Key Lab Used for WWII Atomic Bomb Development Still 14 Years From Clean Up, Maybe More

While officials at one of the nation's top nuclear weapons laboratories promise to focus on cleaning up Cold War-era contamination, the U.S. Department of Energy (DOE) estimates it could be 2036 before the cleanup is complete at New Mexico's Los Alamos National Laboratory.

During a meeting Thursday night, federal officials acknowledged reviewing whether new risks will increase the need for additional funding for the cleanup project.

Michael Mikolanis, head of the DOE's Office of Environmental Management at Los Alamos, confirmed that a recent review presented new information increasing the liabilities for cleanup beyond what officials had previously thought.

"Certainly can't say yes or tell you no that the date is being changed, but obviously with increased scope…either we would need additional funding to do that or stretch out the dates," Mikolanis said. "We are currently evaluating that. We have made no decision."

New Mexico environmental officials and watchdog groups worry that the federal government has significantly understated its environmental liability regarding the lab, which played a critical role in developing the atomic bomb during World War II.

A 2021 independent audit found the DOE liable for more than a half-trillion dollars in environmental cleanup, including an understated liability at Los Alamos of more than $880 million.

Chris Catechis, director of the New Mexico Environment Department's resource protection division, said that despite the pending litigation, the state wants to continue working with federal officials on addressing plumes of chromium contamination and the removal of tons of contaminated soil.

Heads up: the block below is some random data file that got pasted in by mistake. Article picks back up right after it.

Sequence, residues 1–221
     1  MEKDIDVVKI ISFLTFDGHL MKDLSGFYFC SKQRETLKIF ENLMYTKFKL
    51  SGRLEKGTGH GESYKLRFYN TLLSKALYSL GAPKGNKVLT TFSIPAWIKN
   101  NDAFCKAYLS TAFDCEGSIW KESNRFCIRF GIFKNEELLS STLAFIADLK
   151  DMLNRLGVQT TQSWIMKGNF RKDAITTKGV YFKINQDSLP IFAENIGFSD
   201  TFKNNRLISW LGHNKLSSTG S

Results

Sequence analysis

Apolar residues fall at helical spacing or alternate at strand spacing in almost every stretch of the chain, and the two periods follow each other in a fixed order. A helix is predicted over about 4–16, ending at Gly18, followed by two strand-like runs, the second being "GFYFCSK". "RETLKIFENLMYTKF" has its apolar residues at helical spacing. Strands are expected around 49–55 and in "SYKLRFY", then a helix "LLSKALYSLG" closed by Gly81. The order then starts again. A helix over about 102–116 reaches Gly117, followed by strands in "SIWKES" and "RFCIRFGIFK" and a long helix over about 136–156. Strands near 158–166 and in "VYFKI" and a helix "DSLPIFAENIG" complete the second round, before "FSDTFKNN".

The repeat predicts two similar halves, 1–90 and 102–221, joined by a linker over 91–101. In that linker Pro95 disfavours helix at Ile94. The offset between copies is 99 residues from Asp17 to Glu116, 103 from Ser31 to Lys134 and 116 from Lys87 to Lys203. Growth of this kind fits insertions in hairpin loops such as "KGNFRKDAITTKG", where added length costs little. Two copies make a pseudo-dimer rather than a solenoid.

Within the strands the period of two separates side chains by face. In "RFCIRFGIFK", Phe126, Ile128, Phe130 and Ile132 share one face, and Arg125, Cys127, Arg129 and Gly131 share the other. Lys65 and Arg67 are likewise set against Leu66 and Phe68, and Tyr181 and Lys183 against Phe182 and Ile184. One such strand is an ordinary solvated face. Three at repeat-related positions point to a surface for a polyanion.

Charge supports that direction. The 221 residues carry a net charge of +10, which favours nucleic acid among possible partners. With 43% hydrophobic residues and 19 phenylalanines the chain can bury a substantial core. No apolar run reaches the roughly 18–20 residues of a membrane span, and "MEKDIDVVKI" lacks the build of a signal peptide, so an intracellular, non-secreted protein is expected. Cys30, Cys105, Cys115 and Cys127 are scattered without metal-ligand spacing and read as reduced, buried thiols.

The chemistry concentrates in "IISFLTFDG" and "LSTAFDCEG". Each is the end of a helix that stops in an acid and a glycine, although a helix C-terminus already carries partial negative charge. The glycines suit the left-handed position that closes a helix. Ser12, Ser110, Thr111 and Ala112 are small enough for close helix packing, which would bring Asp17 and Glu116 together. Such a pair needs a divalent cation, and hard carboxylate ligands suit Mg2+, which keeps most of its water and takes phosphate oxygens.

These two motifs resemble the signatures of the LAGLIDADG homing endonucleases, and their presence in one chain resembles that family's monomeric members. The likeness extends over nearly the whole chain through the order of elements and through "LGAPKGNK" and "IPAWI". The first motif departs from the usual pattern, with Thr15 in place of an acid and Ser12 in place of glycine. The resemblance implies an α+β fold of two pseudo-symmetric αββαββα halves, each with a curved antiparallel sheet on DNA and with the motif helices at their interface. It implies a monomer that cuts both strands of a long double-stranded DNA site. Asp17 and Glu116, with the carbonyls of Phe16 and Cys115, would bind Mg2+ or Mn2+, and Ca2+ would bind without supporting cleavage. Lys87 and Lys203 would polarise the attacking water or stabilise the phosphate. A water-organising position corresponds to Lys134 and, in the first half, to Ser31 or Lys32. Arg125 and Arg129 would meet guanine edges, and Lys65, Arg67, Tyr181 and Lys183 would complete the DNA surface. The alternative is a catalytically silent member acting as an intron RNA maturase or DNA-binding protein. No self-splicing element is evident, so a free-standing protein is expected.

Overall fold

"We agree that we don't feel the cleanup is moving as quickly as we'd like to see it, but with that said, we don't want to walk away from the process," Catechis said.

Furthermore, several elected officials have raised concerns regarding the federal government's plan to increase plutonium core production at Los Alamos and how that will result in additional waste and disposal liabilities.

Los Alamos National Laboratory
A cleanup project at the Los Alamos National Laboratory in New Mexico is expected to take at least 14 more years. Above, an automatic camera on a nearby island recorded this phase of the atomic bomb explosion on "Baker Day" on July 25, 1946, at Bikini Atoll in the Pacific Ocean. The picture shows the giant column of water, gas and smoke at about its highest peak. Bettmann Archive/Getty Images

The DOE is facing a legal challenge by the state of New Mexico over setting and meeting the milestones of its current cleanup agreement with the state, which was signed in 2016. State officials found the federal government's plan for the previous fiscal year to be deficient.

Watchdog groups said it wasn't until the state sued in February 2021 that the DOE proposed boosting the cleanup budget at the lab by about one-third. Before that, budgets were flat, with the groups arguing that DOE had no incentive to seek more funding.

"The conclusion I draw from it is the New Mexico Environment Department gets a lot more from the stick than it does from the carrot with respect to making the laboratory and DOE truly committed to comprehensive cleanup," said Jay Coghlan, executive director of Nuclear Watch New Mexico.

Officials indicated during the meeting that the National Nuclear Security Administration has funding for a site-wide environmental review of operations. While they declined to provide more details, advocates have argued for years that the environmental consequences and cost-effectiveness of operations at the lab deserve more scrutiny.

The Associated Press contributed to this report.